Apr. 25, 2018
Posted by Lisa Sencen
In 2009, Sociology professor Maria Kefalas, Ph.D., and her husband welcomed their fourth child to the world. They named her Calliope Joy (Cal for short) to symbolize the overwhelming joy that filled their lives after her birth. As a baby, Cal had a vibrant personality and boundless energy, earning her the nickname “Happy Feet.” When she began showing signs of developmental delays, Maria’s instinct was “we’ll just fix this,” and she worked with Cal to improve her speech, sensory and social issues. It wasn’t until Cal fell down one day that Maria and her family knew something more challenging was presenting in their youngest daughter.
After an ENT specialist at Children’s Hospital of Philadelphia recommended a neurologist, Cal was admitted within 24 hours for an MRI. When the results came back, Maria looked up at the clock and thought, “this is the moment when my old life is going to end.” Leaving the hospital with only a single sheet of information, Maria’s old life was indeed in the past when Cal was diagnosed with metachromatic leukodystrophy or MLD.
Maria’s new life of research, fundraising, and taking initiative began in earnest two years after Cal’s diagnosis. She immersed herself in all that was happening with newborn screening and realized that there was so much more that more needed to be done. In 2013, Maria and her family began fundraising by selling cupcakes to support children with leukodystrophy. The family named their nonprofit The Calliope Joy Foundation and raised $450,000, which was used to help establish the nation’s first Leukodystrophy Center of Excellence at CHOP in 2015.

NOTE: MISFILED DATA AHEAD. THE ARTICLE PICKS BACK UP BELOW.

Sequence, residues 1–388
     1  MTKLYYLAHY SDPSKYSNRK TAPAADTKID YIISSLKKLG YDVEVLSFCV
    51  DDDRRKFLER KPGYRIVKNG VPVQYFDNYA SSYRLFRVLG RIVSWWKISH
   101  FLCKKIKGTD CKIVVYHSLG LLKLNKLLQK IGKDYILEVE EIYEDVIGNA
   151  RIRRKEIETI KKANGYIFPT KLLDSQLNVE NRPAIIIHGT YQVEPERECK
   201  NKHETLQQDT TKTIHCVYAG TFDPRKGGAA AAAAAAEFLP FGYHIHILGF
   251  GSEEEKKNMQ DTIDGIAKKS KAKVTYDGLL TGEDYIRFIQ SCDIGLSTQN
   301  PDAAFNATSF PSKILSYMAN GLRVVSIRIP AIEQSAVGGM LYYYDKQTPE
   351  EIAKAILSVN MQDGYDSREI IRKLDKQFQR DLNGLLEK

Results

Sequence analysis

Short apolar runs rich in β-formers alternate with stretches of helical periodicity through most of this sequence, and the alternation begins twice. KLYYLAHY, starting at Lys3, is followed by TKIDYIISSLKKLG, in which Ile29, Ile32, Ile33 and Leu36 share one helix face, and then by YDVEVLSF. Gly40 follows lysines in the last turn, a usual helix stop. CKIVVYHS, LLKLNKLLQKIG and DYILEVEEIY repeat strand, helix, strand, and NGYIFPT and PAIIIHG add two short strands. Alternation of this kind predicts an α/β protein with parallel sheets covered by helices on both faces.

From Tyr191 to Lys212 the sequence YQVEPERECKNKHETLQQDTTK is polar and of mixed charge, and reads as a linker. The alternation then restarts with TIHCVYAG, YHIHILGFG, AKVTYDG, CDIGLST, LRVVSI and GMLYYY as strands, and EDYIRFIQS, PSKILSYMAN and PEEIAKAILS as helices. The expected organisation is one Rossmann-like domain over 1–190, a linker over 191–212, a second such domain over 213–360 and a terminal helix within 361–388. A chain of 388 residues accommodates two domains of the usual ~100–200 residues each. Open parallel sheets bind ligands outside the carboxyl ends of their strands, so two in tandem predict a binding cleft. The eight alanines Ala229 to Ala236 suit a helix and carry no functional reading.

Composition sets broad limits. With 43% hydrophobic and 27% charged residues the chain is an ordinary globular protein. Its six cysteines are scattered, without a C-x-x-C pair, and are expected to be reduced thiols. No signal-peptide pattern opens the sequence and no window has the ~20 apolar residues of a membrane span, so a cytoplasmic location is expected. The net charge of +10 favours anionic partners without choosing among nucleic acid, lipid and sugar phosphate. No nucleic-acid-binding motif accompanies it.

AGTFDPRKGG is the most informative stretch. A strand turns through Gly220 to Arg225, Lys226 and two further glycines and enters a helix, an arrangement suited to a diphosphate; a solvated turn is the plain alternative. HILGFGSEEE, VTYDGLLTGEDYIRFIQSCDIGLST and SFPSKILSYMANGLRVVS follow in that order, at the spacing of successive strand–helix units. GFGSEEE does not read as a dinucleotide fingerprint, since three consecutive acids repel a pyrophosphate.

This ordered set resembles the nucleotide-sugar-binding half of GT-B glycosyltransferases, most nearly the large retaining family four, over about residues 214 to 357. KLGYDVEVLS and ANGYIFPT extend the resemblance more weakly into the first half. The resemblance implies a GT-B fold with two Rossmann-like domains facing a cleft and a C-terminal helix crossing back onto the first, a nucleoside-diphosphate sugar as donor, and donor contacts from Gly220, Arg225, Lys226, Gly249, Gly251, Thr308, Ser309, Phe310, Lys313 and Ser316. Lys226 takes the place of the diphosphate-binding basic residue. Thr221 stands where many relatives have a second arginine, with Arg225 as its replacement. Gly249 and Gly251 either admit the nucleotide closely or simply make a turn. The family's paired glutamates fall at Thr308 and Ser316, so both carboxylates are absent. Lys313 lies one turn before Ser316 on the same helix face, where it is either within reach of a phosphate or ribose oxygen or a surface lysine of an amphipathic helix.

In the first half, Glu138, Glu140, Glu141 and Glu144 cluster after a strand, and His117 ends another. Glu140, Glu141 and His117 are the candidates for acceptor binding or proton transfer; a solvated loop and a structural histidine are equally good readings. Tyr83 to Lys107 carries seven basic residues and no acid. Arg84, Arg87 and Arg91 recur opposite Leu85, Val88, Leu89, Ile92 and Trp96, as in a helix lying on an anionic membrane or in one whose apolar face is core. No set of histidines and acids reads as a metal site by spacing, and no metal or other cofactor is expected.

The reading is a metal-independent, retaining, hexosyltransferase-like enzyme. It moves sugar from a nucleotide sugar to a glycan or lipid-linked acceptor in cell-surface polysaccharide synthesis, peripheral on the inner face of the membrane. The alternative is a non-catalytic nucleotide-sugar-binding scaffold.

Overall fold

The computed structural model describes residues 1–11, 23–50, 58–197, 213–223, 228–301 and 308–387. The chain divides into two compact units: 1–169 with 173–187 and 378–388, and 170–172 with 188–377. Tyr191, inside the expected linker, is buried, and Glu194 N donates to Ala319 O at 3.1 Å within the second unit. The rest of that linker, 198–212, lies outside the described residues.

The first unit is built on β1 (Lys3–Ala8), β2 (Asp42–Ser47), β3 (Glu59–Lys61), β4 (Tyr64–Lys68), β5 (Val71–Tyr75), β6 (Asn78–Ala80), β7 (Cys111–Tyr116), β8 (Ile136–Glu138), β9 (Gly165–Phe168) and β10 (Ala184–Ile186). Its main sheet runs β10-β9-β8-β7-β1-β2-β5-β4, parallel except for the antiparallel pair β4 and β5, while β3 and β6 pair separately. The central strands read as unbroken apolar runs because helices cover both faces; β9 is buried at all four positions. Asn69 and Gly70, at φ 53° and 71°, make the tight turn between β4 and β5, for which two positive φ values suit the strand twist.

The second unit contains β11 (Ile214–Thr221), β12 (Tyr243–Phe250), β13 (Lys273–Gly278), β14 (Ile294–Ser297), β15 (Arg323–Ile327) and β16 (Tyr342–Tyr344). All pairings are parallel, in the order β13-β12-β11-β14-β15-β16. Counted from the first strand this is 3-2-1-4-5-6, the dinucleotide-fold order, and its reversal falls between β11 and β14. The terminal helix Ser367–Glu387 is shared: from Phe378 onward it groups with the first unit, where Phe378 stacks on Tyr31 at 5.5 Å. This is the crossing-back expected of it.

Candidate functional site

“You take the worst thing that could happen but the love for your child and the desire to do good can absolutely change the world,” Maria explains.
Maria Kefalas, 2018 Rare Impact Award HonoreeReflecting on when Cal was diagnosed, Maria is pleased to know that today, families don’t walk away with just a sheet of information on Leukodystrophy, but with packets of information, references to websites to visit, and ongoing support. Cal sparked a contagious effort to keep things moving forward in leukodystrophies.
Maria recalls the words of Cal’s neurologist and Medical Director of the CHOP Leukodystrophy Center, Dr. Amy Waldman. “Something has changed now and we don’t tell families anymore to go home and watch [their] babies die.”
Now, children with leukodystrophy who would have been terminal years ago, and not walking, are running around like kids.
NORD is honored to present Maria Kefalas with a 2018 Rare Impact Award.
Join us during NORD’s 35th Anniversary Celebration presenting the Rare Impact Awards on May 17!